Chief Memory Training Expert
Bornstein Memory Training
Since 2005, Scott Bornstein has refined the memory training systems to the demands of high-performing executives and sales professionals.
They are planning a grand, in-person Prosperity event for March, and it will be held near St. Augustine, Florida.
I was hoping to see some of you in person this fall. Hopefully, that can happen next year.
If you fly Southwest, and you wanna get away, I’ve got 2 bits of good news for you.
Chase has has also increased the welcome bonuses across the board for their 3 co-branded Southwest Airlines credit cards from 40,000 points to as much as 100,000 points (with a $2,000 spend in the first 3 months & another $10,000 within the first 12 months) for a limited time.
You can rack up those Southwest “miles” (they call them points) quickly with any of these:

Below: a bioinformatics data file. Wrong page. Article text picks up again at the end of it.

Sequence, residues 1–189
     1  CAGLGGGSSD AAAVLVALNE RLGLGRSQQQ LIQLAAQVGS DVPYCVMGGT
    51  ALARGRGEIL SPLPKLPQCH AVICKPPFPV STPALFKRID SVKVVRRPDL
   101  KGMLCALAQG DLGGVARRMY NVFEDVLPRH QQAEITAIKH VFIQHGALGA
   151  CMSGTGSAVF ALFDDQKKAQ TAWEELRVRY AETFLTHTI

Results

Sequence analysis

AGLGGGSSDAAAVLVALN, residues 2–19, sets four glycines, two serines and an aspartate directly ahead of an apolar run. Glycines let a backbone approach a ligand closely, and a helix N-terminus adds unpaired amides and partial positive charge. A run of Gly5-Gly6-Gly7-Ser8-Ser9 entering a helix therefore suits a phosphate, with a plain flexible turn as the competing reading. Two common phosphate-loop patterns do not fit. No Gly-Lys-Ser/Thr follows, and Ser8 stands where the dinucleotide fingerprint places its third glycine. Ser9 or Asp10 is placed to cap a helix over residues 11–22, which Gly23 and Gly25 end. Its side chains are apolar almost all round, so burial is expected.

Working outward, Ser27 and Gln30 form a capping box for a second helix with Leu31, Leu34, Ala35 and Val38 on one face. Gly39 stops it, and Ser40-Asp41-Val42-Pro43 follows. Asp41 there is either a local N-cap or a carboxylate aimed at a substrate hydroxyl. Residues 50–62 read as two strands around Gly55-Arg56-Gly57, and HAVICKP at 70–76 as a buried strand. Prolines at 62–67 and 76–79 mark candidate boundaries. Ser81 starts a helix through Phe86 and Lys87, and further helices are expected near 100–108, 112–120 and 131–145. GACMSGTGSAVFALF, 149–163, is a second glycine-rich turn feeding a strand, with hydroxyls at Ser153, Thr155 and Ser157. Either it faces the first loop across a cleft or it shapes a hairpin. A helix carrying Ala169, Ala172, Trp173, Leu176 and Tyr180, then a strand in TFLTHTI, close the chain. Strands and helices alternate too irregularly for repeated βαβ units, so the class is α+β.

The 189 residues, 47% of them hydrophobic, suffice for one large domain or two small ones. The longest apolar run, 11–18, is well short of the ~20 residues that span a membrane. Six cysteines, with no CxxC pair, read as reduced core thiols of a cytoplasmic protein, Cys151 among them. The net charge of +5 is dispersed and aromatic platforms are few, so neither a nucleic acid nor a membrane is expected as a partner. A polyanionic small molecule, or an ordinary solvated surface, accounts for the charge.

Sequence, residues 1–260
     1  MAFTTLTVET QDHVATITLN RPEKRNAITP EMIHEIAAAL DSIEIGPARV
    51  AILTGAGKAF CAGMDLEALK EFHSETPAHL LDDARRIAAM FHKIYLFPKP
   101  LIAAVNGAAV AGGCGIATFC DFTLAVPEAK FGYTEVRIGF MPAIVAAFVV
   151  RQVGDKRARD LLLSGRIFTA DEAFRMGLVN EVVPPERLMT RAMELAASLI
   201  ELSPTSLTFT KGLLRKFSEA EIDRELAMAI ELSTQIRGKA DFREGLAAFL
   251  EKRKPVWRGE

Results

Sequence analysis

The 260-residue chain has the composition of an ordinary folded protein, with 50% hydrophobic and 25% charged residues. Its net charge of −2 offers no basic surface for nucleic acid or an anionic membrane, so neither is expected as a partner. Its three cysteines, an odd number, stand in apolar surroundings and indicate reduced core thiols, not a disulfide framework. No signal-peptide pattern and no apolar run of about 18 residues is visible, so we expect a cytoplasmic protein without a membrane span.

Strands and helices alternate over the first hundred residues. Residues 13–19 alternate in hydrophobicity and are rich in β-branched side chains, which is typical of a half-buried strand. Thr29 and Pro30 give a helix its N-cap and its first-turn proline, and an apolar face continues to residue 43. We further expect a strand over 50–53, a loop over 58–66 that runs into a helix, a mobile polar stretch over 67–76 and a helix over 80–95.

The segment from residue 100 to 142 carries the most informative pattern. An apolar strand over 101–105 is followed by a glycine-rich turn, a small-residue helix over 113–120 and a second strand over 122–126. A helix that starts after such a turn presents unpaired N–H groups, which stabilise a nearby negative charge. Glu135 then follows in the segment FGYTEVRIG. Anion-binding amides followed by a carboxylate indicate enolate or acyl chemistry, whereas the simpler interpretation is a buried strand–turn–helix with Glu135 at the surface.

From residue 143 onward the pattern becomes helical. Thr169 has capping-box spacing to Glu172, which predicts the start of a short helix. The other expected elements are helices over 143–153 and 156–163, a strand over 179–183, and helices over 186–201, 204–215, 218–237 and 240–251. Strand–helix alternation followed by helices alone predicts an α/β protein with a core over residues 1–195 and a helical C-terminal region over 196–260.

- Southwest Rapid Rewards Plus Credit Card
- Southwest Rapid Rewards Premier Credit Card
- Southwest Rapid Rewards Priority Credit Card
I’d like to apologize on behalf of the marketing team that came up with the 3 P names for these cards that appear to be in the wrong order, but they’re not.
The Plus card is the most basic and has an annual fee of $69.
The Premier card sounds like the fanciest card, but it’s not. It has mid-range perks and a mid-range annual fee of $99.
Finally, the Priority card is the most premium card of the bunch that gives you some upgraded boardings, the most bonus points on your cardmember anniversary, etc… Its annual fee is 149.
When you reach 125,000 points, you are rewarded with a companion pass that gives you a buy-one-get-one free deal on Southwest flights for the remainder of the year in which its earned AND the year after. A common tactic is to start earning points late in one calendar year (i.e. now) and reach 120,000 points early in the following calendar to earn almost 2 years’ worth of free flights.
Have an outstanding week!
-Physician on FIRE